Later on in his sentence, Mandela met South African president, Frederik Willem de Klerk, and was released from prison in 1990. Unlike his friend Anthony Sampson's account, Mandela's book does not discuss the alleged complicity of de Klerk in the violence of the eighties and nineties, or the role of his ex-wife Winnie Mandela in that bloodshed. Mandela became the President of South Africa in 1994.

Reviews[edit]

The book won the Alan Paton Award in 1995, and has been published in numerous languages, including an Afrikaans translation by Antjie Krog.

Film adaptation[edit]

Long Walk to Freedom has been adapted into a film titled Mandela: Long Walk to Freedom directed by Justin Chadwick, written by William Nicholson, and produced by Anant Singh. Mandela personally awarded the film rights to the book to Singh's company some years before 2009. Singh believes that as the film is based on Mandela's own writing, it will be the "definitive" biopic of him.[5] English actor Idris Elba portrays Mandela in the film.[6] The film was limited released on 29 November 2013 in the United States. Full release happened on Christmas Day 2013 in the United States.[7] When the film was shown in London for Prince William and his wife, Nelson Mandela's death was announced.

Ghost writer and second memoir[edit]

In an obituary of Mandela, The Times of London reported that the latter chapters of Long Walk to Freedom had been "ghosted by a skilful US journalist", and that Mandela had later started work on a second set of memoirs without a ghost writer.[8]

A follow-up memoir was published in 2017, compiled by Mandla Langa from Mandela's handwritten notes and unfinished draft, together with archive material and with a prologue by Graça Machel: entitled Dare Not Linger: The Presidential Years, this volume took its title from the closing sentence of Long Walk to Freedom: "But I can only rest for a moment, for with freedom comes responsibilities, and I dare not linger, for my long walk is not ended."[9][10][11][12][13]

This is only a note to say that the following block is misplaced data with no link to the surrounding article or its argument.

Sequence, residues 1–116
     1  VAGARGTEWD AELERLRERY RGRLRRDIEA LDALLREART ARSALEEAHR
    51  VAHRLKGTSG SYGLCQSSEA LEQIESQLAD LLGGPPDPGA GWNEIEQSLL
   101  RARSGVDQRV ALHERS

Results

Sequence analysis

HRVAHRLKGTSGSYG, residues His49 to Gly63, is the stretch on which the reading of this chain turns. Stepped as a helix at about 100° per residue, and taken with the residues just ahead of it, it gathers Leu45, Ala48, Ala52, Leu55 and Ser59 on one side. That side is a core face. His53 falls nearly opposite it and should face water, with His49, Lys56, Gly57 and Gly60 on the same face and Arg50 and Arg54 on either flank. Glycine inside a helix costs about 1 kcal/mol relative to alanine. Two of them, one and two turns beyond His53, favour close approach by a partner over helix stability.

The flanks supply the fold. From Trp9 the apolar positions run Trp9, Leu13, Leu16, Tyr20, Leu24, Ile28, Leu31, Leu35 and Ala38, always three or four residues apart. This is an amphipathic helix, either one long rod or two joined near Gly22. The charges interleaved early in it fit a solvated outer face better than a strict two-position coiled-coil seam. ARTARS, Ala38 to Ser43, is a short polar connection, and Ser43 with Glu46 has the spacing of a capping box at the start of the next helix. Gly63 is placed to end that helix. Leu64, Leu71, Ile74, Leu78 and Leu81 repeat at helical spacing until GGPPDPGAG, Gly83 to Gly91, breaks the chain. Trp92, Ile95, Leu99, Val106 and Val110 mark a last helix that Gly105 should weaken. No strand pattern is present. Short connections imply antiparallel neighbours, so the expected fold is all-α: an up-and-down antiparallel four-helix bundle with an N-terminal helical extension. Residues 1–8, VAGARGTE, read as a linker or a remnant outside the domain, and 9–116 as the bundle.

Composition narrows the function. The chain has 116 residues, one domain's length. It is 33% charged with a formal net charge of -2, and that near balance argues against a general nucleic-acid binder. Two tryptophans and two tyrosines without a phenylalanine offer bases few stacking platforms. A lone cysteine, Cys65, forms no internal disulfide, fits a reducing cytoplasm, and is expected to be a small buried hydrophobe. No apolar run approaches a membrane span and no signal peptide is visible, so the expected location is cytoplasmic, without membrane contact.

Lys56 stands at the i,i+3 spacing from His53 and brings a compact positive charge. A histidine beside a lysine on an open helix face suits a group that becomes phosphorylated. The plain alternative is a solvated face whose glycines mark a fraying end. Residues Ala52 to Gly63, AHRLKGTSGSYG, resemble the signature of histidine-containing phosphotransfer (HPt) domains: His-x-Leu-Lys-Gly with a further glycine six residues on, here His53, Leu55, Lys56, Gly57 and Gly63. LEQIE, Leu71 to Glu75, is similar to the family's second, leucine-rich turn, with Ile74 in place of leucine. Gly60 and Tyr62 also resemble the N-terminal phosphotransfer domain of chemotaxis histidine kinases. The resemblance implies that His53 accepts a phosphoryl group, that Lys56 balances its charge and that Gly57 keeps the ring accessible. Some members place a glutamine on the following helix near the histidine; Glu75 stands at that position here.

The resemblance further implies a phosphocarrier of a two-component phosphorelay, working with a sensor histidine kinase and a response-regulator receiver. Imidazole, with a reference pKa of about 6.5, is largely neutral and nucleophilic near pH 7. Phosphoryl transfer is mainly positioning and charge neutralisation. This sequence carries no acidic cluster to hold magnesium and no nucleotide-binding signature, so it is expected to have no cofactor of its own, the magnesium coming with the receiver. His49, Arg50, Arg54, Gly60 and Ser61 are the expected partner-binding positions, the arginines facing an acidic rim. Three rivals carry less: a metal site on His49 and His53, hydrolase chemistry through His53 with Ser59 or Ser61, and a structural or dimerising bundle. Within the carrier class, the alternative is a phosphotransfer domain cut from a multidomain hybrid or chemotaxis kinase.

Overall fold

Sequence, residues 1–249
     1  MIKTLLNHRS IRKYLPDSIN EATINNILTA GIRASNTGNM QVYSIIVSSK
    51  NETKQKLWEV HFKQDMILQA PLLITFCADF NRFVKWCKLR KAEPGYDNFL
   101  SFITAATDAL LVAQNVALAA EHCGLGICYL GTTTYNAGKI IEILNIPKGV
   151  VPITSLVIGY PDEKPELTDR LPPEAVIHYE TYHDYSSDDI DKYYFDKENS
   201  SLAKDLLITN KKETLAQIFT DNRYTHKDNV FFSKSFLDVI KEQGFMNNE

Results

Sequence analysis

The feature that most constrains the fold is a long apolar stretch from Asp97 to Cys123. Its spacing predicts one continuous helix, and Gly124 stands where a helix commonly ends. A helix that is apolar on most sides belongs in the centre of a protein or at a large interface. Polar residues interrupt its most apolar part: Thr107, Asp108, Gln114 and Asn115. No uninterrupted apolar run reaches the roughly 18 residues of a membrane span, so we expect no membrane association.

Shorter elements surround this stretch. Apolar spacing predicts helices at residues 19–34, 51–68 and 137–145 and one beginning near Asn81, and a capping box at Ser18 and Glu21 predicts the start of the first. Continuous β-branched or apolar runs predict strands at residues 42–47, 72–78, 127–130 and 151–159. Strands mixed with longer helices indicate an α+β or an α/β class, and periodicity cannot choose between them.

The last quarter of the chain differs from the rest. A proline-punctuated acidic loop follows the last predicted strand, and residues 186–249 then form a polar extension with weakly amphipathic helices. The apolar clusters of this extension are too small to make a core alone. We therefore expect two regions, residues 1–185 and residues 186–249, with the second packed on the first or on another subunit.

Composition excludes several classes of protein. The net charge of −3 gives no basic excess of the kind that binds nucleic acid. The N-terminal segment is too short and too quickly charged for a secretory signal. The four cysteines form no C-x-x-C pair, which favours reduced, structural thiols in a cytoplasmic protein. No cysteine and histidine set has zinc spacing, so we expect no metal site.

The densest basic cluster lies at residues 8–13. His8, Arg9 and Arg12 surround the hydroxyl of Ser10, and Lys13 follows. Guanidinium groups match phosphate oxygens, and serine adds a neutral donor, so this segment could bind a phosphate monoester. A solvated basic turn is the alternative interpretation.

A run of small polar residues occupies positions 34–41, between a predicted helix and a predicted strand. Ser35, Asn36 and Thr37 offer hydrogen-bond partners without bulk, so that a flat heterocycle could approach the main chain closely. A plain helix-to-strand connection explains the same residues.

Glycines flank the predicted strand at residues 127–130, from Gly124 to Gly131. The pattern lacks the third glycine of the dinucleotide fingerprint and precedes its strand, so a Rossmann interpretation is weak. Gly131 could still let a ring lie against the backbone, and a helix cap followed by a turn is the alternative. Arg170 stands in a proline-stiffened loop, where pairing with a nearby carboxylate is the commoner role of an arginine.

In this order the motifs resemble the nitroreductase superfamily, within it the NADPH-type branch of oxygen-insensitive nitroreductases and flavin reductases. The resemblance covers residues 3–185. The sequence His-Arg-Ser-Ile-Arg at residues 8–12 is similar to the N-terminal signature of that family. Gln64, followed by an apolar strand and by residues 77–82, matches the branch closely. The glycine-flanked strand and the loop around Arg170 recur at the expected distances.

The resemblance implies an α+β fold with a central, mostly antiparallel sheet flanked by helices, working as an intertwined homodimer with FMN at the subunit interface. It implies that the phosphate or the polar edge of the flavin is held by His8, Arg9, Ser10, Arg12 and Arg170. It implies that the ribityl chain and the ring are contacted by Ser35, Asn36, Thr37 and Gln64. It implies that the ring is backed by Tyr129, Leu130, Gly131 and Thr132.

References[edit]

  1. ^ "Long walk to freedom : the autobiography of Nelson Mandela". Franklin Record (first ed.). Philadelphia. ISBN 0316545856. OCLC 31530423. Retrieved 2017-01-21.
  2. ^ Spencer, Clare. "The pitfalls of naming places after famous people". BBC News. 29 July 2011.
  3. ^ Mandela: The Authorised Biography, p. 217.
  4. ^ Nelson Mandela: Long Walk to Freedom, p. 614.
  5. ^ Staff (13 March 2009). "Mandela's autobiography Long Walk to Freedom to be adapted into film". Xinhua News Agency. Archived from the original on 16 March 2009. Retrieved 13 March 2009.
  6. ^ Jefferson, Lucette (22 February 2012). "Confirmed! Idris Elba set to play Nelson Mandela in Biopic". Huffington Post. Retrieved 23 February 2012.
  7. ^ "Nelson Mandela and Saths Cooper spent Christmas in prison together". UPI.com. 12 December 2014. Retrieved 26 December 2013.
  8. ^ "The Times Obituary: Nelson Mandela". The Times. London: Times Newspapers Ltd. 5 December 2013. Retrieved 16 February 2014.
  9. ^ Naidoo, Prakash, "BOOKS: Mandla Langa completes Madiba’s work", Financial Mail, Business Live, 17 October 2017.
  10. ^ Janse van Rensburg, Alet (18 October 2017). "Dare not Linger: Mandela's 'new' memoir offers unique insights". News24.
  11. ^ "Dare Not Linger: The Presidential Years". Pan MacMillan. 19 October 2017.
  12. ^ Slovo, Gillian (22 October 2017). "Dare Not Linger: The Presidential Years by Nelson Mandela and Mandla Langa review – an impossible act to follow". The Guardian.
  13. ^ Mandla Langa, "Book Extract: The Presidency and the Constitution, from Mandla Langa’s Dare Not Linger", Daily Maverick, 27 October 2017.

Further reading[edit]

External links[edit]